And then do you have recommendations on those percentages, or is it just different for everybody’s business?
Rachelle Siebke [00:18:37]:
It is a little bit different for everybody’s business. The book, profit perks by Mike Michalowicz. It’s what I’m referencing in here. And his, I’m just gonna use general, targeted percentages for I believe it’s for businesses that are, up to $200,000 in revenue. He recommends 5% for profit, 15% for tax, 50% for paying yourself or owner’s compensation, and 30% for business operating expenses. And so when you do that, consistently. Again, you might look at your information and be like, I haven’t ever taken profit. So the idea of taking 5% of profit or I’m not making any money. There’s no way I could pay myself profit. Start with 1%. It’s Just like Ramit said in this, he said, your investment plan is not how did he say it? He said your, I think it was, like, your investment numbers are not as important as having the plan itself, so I wanna say the same thing here. How much you pay yourself, how much you set aside is not as important as that you are doing it and you are setting it aside. And then you’re going to Just like Ramit talks about turning up dials. Right? Just over time, once a quarter, you’re just gonna turn the dial a little bit more, and where that will likely come from as business operating expenses. A lot of small business owners overspend on operating expenses. It’s really easy to get caught up in courses, shiny bells and whistles, different, systems. I mean, I can’t even tell you how many Systems we’ve all signed up to learn from. Right? And then we, like, we take their, like, subscription that they recommend, and then you know? So looking at that All at once can be really overwhelming, but when you’re like, okay. And I had I have had, clients that I worked with in the past where they, like, looked at it, and they were So distraught. Like, this is like, I I don’t I don’t like any of it. Sorry. Like, I feel worse now. It’s better to know, And then you can make some changes. It’s just like, I think it was Drew when they were looking, and he was like, oh, I I need to make more money. Like, that’s the bottom line. I need to make more money. So sometimes it can be, oh, the bottom line is I need to make more money so that my operating expenses stay the same, but I’m making more money and it’s still within that 30 percentile. And sometimes it’s, this is the most money I’m probably going to make because I’m at my time capacity. I’m at my price, hike capacity for right now, And, maybe I don’t need some of these things that I thought I needed, or I would really like to have these things, but what I Like more is to go on the vacation that my family wants to go on, so I need to make sure or maybe it’s pay a bill or, you know, We wanna make sure that we are paying ourselves before we’re committing to a monthly net in our operating expenses. So the monthly net is what I like to say. This is your bare minimum to stay open. Do you know what that number is? Knowing that number Really powerful because then you can choose what do I want to do versus, What do I wish I was doing right?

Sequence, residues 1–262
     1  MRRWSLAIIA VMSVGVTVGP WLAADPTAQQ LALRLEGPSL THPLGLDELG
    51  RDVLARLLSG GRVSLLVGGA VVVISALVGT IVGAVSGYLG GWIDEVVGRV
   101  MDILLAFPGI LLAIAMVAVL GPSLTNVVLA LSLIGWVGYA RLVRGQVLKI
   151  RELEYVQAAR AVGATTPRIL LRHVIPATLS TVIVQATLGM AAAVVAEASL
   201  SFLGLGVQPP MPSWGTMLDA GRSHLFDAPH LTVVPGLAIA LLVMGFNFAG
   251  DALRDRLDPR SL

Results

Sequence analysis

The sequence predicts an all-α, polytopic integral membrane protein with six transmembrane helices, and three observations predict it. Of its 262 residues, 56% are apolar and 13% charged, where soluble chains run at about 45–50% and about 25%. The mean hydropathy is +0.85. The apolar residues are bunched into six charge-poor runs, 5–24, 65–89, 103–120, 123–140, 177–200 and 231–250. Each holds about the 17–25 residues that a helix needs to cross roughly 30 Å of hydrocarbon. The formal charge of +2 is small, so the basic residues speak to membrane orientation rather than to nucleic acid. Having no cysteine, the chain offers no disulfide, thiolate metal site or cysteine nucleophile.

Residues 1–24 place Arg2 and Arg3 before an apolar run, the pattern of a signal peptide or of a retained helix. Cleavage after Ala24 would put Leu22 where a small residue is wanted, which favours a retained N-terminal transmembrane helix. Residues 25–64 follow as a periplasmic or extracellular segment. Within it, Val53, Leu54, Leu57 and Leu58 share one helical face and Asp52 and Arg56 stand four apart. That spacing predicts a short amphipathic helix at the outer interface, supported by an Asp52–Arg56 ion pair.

Lynn Grogan [00:22:13]:
No. That totally makes sense. And I know this is just like the crash course on how you, you know, would recommend things, but I also know that you do this within your business. Right? Like, somebody could come and hire you to help set this up. Is that right?
Rachelle Siebke [00:22:25]:
Absolutely. So the my favorite way for people to work with me is to, work with me for 6 months over time because we’re gonna do all your personal finance and all your business finance. We’re gonna do it in 6 months, and I handhold you through the whole thing. Meaning, I’m actually on the call doing the systems while you’re on the call. So you’re not getting a bunch of homework that is just gonna leave you spinning and confused. But I do also offer what I call a quick win, which is easy payday. So you can work with me for 3 sessions for, 3 weeks in a row, and you’ll have this whole, profit versus the setup when you leave.
Lynn Grogan [00:23:05]: